Brooklyn, New York
July 7, 2010
Now Tino was going down, he just knew it.
He pulled out his phone and looked for Tony’s contact. The fact that he lived up the street had to be a fucking miracle from God.
Fuck Nova’s agreement.
Tino pissed on it without blinking.
He kept walking, fighting not to look back as he listened to the phone ring, praying for a pick up. Funny how he always found God the moment he thought it was all over. He was mentally praying to whoever was in charge of helping enforcers in trouble when the call was answered.
“Tino?” Tony sounded surprised, because it’d been three months since he made the offer.
“Yeah, listen, what the fuck? You weren’t at Pietro’s.” Tino’s voice was shaking, and he kept mentally praying Tony hadn’t found a better ace card than the Morettis. “I feel stood up, man, and I’m having a really bad week.”
“No, no, it’s cool. I’m close,” Tony said without missing a beat. “Walk towards my place and I’ll meet you outside. It’s on Hayden, you know where that is?”
Tino looked behind him, letting his paranoia show. “Not really. Maybe you’re not interested anymore. You can just tell me, motherfucker.”
“I’m always interested.” Tony sounded deadly serious, making it obvious he understood what Tino was really asking. “I saved myself for you.”
Tino sucked in a hard breath of relief and looked behind him again. The couple who’d been arguing in the car were following him. They were on foot now, walking casually hand in hand, but the man was on the phone. Probably waiting for the all clear to move in and actually take down Tino.
“Merda.” Tino felt like he was going to drop right there of a heart attack. It was almost worse than the car ride with Nova. He could barely force his brain to work under the fear, but he made his voice louder on purpose. “I’m feeling the heat, Tony. It’s all falling apart. They know about me.”
“Okay.” Tony sounded cool and confident, like he was used to getting calls from strung out lost kids running from the police. “I got you. Where are you now?”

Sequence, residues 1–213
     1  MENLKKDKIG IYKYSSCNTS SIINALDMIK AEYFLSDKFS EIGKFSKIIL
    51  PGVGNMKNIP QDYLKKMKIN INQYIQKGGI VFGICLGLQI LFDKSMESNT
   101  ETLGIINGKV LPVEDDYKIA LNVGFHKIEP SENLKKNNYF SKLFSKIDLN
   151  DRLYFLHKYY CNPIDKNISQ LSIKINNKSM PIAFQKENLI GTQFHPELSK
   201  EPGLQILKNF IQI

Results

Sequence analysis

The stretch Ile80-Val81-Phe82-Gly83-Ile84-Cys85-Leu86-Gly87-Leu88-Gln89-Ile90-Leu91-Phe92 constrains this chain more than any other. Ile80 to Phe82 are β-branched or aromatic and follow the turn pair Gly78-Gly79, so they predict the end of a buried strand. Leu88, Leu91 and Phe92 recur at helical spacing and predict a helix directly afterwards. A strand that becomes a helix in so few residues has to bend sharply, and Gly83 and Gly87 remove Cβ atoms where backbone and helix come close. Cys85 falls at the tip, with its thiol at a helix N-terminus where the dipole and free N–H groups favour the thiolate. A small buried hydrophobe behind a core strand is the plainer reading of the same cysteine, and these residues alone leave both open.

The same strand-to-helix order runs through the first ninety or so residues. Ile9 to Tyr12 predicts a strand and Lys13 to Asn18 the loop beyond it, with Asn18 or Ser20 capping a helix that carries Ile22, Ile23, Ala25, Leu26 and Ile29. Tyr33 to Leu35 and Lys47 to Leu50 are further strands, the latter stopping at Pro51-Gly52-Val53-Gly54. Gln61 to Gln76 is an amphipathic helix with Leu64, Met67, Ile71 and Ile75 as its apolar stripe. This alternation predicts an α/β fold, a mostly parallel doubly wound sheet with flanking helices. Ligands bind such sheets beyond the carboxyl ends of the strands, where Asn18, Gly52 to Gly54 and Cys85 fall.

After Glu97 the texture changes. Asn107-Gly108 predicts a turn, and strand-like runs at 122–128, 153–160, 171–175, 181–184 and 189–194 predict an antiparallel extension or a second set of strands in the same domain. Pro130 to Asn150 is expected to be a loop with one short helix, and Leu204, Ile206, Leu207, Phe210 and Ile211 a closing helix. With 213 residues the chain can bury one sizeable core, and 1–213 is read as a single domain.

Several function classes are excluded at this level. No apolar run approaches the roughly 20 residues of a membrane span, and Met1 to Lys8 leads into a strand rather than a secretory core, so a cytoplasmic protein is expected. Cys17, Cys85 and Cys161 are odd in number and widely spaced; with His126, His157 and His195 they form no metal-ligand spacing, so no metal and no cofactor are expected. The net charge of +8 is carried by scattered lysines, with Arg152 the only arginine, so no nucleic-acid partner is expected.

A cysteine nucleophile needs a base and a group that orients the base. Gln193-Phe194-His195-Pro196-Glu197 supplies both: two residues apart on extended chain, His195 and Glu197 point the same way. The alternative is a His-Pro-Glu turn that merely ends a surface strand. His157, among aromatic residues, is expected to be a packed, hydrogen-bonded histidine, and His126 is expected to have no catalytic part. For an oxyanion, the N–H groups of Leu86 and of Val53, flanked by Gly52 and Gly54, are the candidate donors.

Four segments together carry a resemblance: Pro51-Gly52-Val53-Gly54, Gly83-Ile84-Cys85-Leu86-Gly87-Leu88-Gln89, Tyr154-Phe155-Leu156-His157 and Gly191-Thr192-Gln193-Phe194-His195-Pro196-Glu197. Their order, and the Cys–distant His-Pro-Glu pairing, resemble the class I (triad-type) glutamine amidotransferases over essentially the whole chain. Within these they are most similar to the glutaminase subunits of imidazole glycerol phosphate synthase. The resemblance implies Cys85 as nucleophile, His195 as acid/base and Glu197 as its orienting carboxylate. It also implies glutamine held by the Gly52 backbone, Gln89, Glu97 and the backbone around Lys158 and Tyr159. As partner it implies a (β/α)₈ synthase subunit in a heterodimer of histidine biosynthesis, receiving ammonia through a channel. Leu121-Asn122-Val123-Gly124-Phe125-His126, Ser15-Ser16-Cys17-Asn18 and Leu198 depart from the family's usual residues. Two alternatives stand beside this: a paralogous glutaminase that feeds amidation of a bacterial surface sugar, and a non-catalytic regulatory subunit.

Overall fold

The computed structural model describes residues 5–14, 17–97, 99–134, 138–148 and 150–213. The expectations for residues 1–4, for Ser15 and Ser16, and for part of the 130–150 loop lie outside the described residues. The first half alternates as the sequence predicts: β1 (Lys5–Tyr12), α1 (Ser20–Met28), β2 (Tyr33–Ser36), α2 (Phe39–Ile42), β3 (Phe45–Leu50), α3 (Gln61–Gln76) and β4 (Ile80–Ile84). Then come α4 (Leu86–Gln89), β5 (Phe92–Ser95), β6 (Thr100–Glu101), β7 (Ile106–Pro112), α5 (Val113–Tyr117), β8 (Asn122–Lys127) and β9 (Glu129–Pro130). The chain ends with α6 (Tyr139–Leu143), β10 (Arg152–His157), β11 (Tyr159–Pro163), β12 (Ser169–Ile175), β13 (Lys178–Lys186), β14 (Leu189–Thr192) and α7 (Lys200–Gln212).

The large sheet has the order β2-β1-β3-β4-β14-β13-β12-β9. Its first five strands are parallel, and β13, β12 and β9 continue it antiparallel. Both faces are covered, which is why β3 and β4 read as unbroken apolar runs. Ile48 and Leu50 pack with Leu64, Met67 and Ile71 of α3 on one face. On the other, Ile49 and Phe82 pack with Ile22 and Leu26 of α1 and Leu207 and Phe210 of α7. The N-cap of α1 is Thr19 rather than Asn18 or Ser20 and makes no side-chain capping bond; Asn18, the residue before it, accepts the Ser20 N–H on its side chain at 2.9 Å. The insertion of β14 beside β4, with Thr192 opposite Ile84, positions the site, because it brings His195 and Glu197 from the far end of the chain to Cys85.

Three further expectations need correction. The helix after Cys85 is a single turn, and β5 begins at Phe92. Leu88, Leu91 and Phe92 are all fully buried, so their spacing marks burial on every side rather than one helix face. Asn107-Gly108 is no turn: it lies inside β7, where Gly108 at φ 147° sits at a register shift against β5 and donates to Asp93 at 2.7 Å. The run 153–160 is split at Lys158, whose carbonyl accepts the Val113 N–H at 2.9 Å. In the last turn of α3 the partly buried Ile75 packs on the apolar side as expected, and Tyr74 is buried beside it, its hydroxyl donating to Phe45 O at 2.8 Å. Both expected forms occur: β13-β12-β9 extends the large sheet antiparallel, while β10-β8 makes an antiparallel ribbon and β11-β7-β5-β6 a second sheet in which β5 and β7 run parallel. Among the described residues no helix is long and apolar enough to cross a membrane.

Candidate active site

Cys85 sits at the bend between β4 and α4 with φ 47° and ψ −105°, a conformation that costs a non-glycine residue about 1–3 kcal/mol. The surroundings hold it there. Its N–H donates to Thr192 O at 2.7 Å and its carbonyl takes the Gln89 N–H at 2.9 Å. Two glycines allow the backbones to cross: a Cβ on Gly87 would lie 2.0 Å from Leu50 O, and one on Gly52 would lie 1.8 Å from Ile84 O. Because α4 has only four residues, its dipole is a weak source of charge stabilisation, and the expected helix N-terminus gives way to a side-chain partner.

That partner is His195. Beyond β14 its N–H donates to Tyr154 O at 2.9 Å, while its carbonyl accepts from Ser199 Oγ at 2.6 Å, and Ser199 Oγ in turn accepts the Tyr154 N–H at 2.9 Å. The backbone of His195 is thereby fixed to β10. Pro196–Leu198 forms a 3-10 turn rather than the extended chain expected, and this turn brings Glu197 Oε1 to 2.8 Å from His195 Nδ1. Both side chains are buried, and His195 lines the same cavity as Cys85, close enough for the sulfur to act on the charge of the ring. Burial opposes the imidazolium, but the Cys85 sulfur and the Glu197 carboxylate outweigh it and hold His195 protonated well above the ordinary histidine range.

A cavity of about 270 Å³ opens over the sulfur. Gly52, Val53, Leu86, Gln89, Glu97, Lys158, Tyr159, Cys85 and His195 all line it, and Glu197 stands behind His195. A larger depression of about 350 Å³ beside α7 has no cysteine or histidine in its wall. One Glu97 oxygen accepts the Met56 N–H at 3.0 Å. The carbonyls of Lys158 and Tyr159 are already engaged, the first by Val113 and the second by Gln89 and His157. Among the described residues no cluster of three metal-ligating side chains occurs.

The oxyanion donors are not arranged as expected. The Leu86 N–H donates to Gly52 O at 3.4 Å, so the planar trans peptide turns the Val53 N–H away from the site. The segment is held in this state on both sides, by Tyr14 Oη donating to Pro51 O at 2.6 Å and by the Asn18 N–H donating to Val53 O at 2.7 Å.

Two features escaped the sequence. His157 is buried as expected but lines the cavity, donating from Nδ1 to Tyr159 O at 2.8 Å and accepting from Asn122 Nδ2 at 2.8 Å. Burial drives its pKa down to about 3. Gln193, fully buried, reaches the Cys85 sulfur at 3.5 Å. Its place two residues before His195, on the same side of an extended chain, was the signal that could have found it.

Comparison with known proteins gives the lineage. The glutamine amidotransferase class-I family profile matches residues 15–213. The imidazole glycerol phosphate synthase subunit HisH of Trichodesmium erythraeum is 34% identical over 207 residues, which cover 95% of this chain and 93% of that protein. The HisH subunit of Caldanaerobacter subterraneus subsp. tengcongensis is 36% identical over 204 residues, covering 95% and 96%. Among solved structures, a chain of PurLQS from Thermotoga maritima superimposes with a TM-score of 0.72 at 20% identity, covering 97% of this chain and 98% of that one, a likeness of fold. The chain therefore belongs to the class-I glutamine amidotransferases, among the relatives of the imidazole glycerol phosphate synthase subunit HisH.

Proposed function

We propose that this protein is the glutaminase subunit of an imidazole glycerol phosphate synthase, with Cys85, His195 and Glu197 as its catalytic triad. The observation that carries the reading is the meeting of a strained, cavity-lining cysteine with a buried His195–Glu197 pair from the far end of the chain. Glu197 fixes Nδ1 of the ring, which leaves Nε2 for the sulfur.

Tino gave him the rundown of where he was and started following Tony’s directions.
Tino glanced behind him, seeing that he was still being followed.
He was desperate to convey how deep this shit was, and hoping Tony understood his real meaning, he repeated again, “I really think they know about me. I’m paranoid as fuck.”
“Tino, it’s okay. We’ll figure it out.” Tony sounded breathless like he was running down stairs. “But I gotta tell you, Maria’s with me. That’s why I was late, but you know she’s into it.”
“Whatever.” Tino almost laughed. Maria Mazza was the least of his fucking problems.
Tino turned down Hayden, and then looked behind him once more. The couple turned too, still following him. The man continued to talk on the phone. A black van pulled down the road behind them.
Jesus fucking Christ, this was it, he was going down.
And he was taking Tony De Luca with him.
Nova was going to drive back to Tampa and drown himself.
“Did you hear about Lola?” Tino asked, feeling sick as the words left his mouth. “You been watching the news?”
“No.” Tony’s voice caught. “What about her?”
Tino didn’t even have to act, and a sob burst out of him. “Someone got her.”
Tony fell silent.
And Tino was half-dead from the anxiety.
For a moment he thought he lost his life line.
The whoosh, whoosh, whoosh in his ears sounded like his own heartbeat. Then he saw Tony booking it down the street, running flat out, barefoot and bare-chested, in only his jeans. The phone was still in his hand but forgotten in the need to get to Tino as quickly as possible. Seeing him, knowing he hadn’t lost his life-line, Tino started to run at him.
By the time Tino jumped at Tony his entire body was shaking. Tony just wrapped his arms around him, clinging to Tino right there on the sidewalk.
“I’m merda. I just needed to see you.” Tino sobbed, then in a softer voice only Tony could hear he confessed his newest, darkest sin, “I failed her.”
Tony pushed Tino’s hair away from his sweaty forehead and kissed it frantically. “I’m so sorry.”
Tony was shaking too, his voice choked with emotion.
Honestly, Tino would look back later, and he still wasn’t a hundred percent certain it was all an act—for either of them.
They were both just so fucking wrecked.
It was Tino who grabbed his face and brought Tony’s lips to his.
Tino was a motherfucker, using the bomb of Lola’s death like that, but it worked. They made certain the pictures for the FBI’s wall were really interesting. The two of them kissed on that Brooklyn back street like the world was ending.
Then Tony suddenly pulled Tino tighter against him, hugging him protectively and barked, “What the fuck are you looking at?”